Z3 Comparison with High Performance Summer Tires
HTR Z III vs Dunlop Sport Maxx TT vs Hankook Ventus V12 vs Kumho Ecsta LE Sport
Tire Rack compared the above mentioned summer tires in their 0.3 mile track. According to test results, HTR Z III was the fastest with the lap time of 30.78 sec. The second best was Dunlop Sport Maxx by just over 1/10th of a second. Kumho Ecsta and Hankook Ventus followed by 3/10 and 8/10 sec difference respectively.
Results show that Sumitomo clearly has a better dry handling and traction in the league of budget performance summer tires.
The braking test was quite close to call. Dunlop had the shortest braking distance and Sumitomo had the longest, but the difference is very minor of only about 2 feet. Moreover, stopping distance of 86 feet is considered good and above acceptable standards.
Data Source: Tire Rack
Sport Maxx TT recorded the best time in wet track testing. Sumitomo was the second best followed by Kumho LE Sport and Hankook Evo K110 respectively. Dunlop’s Sport Maxx TT clearly has better traction and cornering stability in wet conditions. Z3, as discussed above, is good in wet conditions but doesn’t really match the grip that Sport Maxx TT provides.
In Braking Sumitomo again had the longest braking distance with a difference of about 4 feet. Again, the wet braking distance of ZIII is still considered good by industry standards.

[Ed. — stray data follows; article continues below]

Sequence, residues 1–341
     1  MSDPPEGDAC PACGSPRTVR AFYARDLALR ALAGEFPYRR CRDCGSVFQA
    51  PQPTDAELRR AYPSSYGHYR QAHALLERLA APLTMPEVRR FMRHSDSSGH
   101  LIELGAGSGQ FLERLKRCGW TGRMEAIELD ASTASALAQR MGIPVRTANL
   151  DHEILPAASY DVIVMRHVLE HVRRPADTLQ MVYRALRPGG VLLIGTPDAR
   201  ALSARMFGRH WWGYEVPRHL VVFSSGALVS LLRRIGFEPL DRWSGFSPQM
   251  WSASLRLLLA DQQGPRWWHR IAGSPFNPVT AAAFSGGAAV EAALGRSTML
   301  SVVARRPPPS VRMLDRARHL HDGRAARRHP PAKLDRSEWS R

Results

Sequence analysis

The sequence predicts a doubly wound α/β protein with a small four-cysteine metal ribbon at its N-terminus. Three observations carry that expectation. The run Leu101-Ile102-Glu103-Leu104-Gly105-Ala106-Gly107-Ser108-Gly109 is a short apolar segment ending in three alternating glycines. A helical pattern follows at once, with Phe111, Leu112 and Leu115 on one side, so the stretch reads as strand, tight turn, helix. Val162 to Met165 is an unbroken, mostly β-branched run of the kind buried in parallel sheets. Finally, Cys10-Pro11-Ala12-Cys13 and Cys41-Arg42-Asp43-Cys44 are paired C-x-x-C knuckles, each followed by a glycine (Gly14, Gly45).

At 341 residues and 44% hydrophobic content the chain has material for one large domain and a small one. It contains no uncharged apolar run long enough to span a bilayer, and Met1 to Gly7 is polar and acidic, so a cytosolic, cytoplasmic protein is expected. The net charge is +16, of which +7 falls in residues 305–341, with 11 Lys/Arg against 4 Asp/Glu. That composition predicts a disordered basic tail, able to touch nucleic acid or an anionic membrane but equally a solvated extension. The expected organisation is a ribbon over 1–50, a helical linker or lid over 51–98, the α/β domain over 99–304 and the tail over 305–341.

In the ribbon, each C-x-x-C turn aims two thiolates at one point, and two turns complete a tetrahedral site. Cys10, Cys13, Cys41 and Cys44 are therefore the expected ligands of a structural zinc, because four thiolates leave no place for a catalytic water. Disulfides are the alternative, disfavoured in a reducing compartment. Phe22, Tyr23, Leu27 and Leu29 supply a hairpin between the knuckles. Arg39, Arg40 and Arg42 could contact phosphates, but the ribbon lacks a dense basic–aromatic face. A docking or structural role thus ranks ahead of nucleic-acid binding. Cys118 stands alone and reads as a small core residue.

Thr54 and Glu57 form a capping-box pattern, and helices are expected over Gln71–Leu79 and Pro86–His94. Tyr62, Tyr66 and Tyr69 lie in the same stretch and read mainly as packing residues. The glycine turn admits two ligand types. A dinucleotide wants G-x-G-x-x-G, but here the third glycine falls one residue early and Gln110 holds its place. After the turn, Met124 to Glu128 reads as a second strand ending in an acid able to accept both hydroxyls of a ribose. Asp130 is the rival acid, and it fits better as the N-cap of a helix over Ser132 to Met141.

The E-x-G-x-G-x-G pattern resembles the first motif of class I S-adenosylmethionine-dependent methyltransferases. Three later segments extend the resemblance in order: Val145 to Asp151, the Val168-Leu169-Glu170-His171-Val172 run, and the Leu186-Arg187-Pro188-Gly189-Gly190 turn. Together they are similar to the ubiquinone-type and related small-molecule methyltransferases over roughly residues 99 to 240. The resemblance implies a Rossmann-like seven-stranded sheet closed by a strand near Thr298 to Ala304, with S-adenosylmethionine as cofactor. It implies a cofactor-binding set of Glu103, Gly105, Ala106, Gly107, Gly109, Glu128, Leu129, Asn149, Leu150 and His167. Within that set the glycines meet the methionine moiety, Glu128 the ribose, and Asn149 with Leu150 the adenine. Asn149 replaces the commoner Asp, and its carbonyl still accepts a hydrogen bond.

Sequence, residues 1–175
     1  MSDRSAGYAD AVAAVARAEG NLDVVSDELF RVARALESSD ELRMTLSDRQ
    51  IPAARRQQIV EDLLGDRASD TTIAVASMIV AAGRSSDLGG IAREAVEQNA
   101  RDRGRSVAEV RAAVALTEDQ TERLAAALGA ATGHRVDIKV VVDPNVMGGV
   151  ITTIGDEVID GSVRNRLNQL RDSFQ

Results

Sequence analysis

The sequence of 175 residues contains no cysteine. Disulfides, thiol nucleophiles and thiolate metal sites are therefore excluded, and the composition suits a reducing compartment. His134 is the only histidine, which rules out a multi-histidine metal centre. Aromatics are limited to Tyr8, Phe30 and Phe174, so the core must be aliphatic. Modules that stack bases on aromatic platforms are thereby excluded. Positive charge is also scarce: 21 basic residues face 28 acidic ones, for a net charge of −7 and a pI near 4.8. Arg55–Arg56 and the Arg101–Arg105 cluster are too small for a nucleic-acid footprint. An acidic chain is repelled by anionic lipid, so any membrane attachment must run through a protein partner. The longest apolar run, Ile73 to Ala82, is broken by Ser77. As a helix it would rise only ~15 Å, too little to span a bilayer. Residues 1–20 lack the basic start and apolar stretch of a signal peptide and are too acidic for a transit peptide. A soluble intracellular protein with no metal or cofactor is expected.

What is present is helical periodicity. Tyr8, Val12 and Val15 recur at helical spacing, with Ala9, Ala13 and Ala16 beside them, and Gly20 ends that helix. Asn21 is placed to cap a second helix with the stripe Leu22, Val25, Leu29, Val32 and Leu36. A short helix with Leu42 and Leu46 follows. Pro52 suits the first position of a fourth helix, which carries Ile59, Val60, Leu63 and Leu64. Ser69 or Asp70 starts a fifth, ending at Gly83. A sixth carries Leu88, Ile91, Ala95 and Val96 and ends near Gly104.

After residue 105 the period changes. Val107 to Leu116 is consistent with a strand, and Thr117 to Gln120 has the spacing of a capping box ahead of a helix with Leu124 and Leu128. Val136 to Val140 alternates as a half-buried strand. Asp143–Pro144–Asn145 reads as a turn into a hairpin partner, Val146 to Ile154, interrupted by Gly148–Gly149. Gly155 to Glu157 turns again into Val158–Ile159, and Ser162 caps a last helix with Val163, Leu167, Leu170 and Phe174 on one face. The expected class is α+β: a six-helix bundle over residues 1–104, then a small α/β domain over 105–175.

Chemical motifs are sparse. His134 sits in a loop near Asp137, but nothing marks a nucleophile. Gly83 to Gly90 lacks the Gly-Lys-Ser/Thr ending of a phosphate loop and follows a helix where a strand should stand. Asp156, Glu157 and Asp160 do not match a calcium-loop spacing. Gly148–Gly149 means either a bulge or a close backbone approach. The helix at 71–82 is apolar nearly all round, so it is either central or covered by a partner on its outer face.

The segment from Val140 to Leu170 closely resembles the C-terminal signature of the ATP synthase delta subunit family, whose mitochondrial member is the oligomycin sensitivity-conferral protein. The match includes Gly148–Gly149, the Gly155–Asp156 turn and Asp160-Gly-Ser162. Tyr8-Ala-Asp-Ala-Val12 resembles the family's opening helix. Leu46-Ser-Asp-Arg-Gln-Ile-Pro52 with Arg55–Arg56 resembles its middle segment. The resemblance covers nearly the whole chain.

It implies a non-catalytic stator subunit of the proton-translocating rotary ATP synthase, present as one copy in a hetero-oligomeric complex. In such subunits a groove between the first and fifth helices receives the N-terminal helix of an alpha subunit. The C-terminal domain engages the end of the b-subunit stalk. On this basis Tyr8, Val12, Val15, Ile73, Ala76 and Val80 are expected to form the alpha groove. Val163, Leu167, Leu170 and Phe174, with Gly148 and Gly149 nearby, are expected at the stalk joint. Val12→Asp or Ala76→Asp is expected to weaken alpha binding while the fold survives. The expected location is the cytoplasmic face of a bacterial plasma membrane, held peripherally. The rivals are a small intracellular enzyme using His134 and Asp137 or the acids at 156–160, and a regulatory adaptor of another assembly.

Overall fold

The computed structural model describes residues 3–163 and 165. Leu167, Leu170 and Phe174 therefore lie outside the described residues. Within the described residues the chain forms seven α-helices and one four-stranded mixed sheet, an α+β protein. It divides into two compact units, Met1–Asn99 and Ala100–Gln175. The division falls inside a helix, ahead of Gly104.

HTR Z III vs Michelin Pilot Super Sport
Is it worth spending about $300+ more on Michelin’s premium summer tires instead of budget tire like ZIII? The answer is it depends, and here are the few important pointers for you to decide.
- Horsepower: If you are driving a less than 500 hp car like Mustang, ZIII can surely give you the same performance as Super Sport. And, it would be more comfortable and less noisy. The difference would be seen in supercars where tires need more grip, handling and cornering stability. So, in cars like Ferrari, Z06 Pilot Super Sport will give you much better performance than Z III.
- Track Days: HTR ZIII is designed for street performance with comfort, wet traction in mind. It is not a track day tire. If you take your Porche with Z3 tires to the track, you would surely be disappointed. Super Sport or Pilot Sport 4s, on the other hand, can give you really good performance on the track as well. They are designed for ultimate performance.
- Tread Life: Michelin’s high performance tires excel in about everything. Both Super Sport & Sport 4s tires have good tread life with 45,000 mileage warranty. Whereas, Z3 could give you around 30,000 miles without any warranty.
Tread Life, Warranty and Tire Specifications
Sumitomo claims that extra ribbing on ZIII reduces the irregular wear of the tire. Most of the consumers have reported a tread life of about 25K – 35K miles. The tread life is not bad considering the price point and performance of this tire.
Tire life also depends on the driving style, conditions and the car itself. But to enhance the life of the tires, you should rotate them regularly and check for any irregular wear.
Sumitomo doesn’t provide any mileage warranty but there is a standard 6 year workmanship warranty.
|Rim Size||Tire Size Range||Speed Rating||Load Index||UTQG|
|17"||205/50 - 275/40||Y||87 - 98||300 AA A|
|18"||215/35 - 295/30||Y||84 - 103||300 AA A|
|19"||225/35 - 285/35||Y||88 - 101||300 AA A|
|20"||235/35 - 285/30||Y||90 - 102||300 AA A|